Audubon Coastal Bird Survey: Bon Secour National Wildlife Refuge
By: Sabrina Cobb
It has been quite the season attempting to get out and collect valuable data on bird populations this year. Working around Hurricane Sally and the damage associated with the storm delayed and even canceled a couple of the season’s surveys. On October 16th, I was finally able to get back out and conduct the final Audubon Coastal Bird Survey at Bon Secour National Wildlife Refuge – Perdue Unit. The route is approximately 1.8 miles long and runs along the fine sandy beach. Fall is really starting to be felt here along the coast with morning temperatures ranging from the high 50’s to low 60’s. When I started the survey at 7:00 am the sun was just breaking the horizon setting up for a beautiful sunrise. As I approached the shore, I noticed several of the dunes that had been eroded and washed away by Hurricane Sally. The tide was low, and the water was almost crystal clear. I noticed three sharks and one decently sized ray species in the shallows as I was walking along the shoreline.
The bird activity on this day was noticeably slower than what we have observed on previous surveys. Most of the birds I observed were sanderlings running in and out of the waves probing the sand for marine invertebrates. Sanderlings are commonly found along the Alabama coast during the fall and winter seasons and breed in the arctic tundra. They are probably the most active shorebird found on the beach, usually described with only two speeds: “Run” and “Stop”.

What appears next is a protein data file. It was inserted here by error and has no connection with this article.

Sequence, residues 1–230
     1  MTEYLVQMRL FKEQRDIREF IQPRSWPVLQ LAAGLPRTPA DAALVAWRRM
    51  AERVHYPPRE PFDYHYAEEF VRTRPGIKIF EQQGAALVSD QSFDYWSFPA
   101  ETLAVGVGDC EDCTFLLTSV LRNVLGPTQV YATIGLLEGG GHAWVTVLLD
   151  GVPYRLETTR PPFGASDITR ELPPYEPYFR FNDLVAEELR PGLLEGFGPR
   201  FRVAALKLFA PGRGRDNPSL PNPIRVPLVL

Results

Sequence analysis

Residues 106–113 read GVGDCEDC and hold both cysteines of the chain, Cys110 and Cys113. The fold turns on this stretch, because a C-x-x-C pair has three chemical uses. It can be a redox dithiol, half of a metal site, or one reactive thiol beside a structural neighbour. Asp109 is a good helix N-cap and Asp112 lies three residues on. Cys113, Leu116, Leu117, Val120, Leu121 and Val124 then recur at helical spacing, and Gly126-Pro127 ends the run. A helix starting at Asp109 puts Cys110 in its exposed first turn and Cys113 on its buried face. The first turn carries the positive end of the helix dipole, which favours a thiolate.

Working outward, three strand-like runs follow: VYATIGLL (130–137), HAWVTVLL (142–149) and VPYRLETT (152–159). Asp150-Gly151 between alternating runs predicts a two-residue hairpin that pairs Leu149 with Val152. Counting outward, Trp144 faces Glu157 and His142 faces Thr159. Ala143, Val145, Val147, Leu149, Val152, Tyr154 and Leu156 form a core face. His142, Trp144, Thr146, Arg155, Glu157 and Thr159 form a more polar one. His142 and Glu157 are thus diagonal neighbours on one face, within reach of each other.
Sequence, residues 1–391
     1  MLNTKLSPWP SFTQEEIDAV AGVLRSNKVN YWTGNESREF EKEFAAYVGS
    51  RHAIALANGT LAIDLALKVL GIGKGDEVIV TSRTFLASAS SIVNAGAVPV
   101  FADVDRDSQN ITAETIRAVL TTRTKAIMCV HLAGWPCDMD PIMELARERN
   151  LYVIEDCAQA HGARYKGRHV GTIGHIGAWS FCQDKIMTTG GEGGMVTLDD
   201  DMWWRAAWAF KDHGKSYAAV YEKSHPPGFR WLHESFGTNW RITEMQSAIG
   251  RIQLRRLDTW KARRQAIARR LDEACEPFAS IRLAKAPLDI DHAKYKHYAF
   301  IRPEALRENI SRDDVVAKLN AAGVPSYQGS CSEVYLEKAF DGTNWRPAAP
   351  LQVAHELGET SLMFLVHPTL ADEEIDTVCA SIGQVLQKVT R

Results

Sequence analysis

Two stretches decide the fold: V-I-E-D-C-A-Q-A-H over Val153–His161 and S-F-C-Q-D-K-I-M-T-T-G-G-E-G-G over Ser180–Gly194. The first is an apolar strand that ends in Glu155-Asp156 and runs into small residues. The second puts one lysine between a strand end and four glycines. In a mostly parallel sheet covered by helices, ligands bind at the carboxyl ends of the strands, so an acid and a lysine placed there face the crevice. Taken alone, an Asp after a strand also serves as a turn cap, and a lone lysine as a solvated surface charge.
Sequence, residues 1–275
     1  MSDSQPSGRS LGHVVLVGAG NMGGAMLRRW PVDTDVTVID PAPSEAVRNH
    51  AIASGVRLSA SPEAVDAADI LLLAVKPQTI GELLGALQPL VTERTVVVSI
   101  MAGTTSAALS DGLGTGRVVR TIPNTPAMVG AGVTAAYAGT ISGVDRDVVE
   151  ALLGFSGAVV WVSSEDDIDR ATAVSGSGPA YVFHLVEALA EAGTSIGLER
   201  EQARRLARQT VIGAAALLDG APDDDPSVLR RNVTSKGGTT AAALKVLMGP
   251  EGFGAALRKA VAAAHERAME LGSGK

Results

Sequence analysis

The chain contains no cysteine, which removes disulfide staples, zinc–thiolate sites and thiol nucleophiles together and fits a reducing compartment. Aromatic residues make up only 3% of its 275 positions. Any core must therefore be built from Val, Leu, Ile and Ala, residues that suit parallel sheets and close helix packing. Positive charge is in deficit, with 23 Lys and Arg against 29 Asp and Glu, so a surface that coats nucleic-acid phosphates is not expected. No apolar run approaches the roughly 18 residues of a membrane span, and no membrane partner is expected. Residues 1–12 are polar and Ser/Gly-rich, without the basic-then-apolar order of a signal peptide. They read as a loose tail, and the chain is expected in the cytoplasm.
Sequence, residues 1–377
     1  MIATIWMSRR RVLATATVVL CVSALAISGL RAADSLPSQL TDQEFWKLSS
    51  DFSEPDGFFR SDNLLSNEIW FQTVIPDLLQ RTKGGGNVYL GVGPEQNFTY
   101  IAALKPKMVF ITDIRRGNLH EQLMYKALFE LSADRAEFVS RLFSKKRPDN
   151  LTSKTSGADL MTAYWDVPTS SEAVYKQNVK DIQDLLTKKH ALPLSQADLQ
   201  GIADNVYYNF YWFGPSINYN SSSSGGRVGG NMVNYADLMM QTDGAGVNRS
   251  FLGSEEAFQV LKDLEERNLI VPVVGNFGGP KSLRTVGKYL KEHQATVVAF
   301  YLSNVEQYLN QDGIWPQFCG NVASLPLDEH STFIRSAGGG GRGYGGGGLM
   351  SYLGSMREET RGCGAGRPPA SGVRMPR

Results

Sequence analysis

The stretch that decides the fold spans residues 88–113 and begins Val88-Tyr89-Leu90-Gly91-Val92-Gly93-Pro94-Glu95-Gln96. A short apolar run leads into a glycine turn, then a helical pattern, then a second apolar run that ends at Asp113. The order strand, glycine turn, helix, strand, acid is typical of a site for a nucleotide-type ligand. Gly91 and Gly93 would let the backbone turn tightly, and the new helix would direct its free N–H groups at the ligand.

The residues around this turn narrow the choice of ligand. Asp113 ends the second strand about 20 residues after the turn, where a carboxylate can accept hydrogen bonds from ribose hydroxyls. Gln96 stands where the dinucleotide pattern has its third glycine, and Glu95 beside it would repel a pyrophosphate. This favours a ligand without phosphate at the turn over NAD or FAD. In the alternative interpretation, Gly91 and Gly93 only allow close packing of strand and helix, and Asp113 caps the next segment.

As I neared the end of the route the sky quickly turned black as a squall moved in. The rain and wind were brief, and I was able to push through the conditions and continue. Little did I know I was in for another surprise! As I ended the route and started to turn back, I heard a very loud-sounding plane. At first, I did not see anything as the clouds were still thick above from the squall. When I finally got a glimpse of it, I noticed the plane was a Blue Angel! I stopped to observe the maneuvers of the plane for a few minutes and then got distracted by a group of brown pelicans also putting on a flight show. Did you know that brown pelicans are the only species of pelican that dive to catch fish? It is spectacular to watch these birds fly high above the water, tuck their wings in after a quick glance for a fish, and dive bomb the spot. Brown pelicans are year-round residents along the Alabama coast and have been known to breed on Gaillard Island in Mobile Bay. Other avian species I encountered along the survey included: great blue heron, double-crested cormorant, willet, osprey, royal tern, herring gull, and laughing gull. Although ACBS surveys for the fall are coming to an end, we can all continue to go to our favorite birding locations and take advantage of the nice fall weather while it lasts!